As more and more people give up their landlines in favor of smartphones, the question of how low-income subsidies for phone service in the US are dispensed has come into play.
The Federal Communications Commission, in a 3-to-2 vote today, has given a green light to extending government’s Lifeline program for broadband Internet, in addition to basic phone service. The proposal comes from FCC chairman Tom Wheeler.
Bloomberg reported that the vote, along party lines with Democrats in favor, reasoned that poor people rely more on their phones for Internet access, and the lack of subsidies creates a disadvantage in their use of common services like banking and healthcare.
Not that the subsidies are that great to begin with. Lifeline recipients currently receive $9.25 a month for phone service, so it’s expected that the FCC would raise that amount to assist with broadband data plans.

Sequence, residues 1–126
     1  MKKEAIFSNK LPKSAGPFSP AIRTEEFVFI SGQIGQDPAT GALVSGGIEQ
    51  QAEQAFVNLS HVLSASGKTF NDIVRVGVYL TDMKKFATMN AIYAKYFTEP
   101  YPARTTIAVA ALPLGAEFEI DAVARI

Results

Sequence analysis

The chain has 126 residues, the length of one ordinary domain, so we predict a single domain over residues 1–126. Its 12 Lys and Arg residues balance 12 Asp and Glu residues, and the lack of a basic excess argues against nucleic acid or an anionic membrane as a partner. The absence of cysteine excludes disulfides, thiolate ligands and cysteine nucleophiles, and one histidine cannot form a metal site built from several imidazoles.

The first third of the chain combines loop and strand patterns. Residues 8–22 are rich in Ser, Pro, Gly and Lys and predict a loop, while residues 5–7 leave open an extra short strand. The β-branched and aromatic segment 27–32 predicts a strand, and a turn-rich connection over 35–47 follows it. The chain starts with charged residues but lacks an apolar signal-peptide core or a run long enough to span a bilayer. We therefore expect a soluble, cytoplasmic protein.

The proposal is backed by CTIA, a wireless trade group whose members AT&T, Verizon and others, also stand to benefit.
Republicans on the panel, in opposition, voiced concerned about tracking down waste, fraud and abuse in the system.
Lifeline program spending plunged to $1.6 billion in 2014 from a peak of $2.2 billion in 2012, according to the Universal Service Administrative Co., a nonprofit that oversees the subsidies alongside the states. The number of Lifeline users dropped to 14.5 million in 2013 from 17.2 billion in the previous year, according to the 2014 FCC report.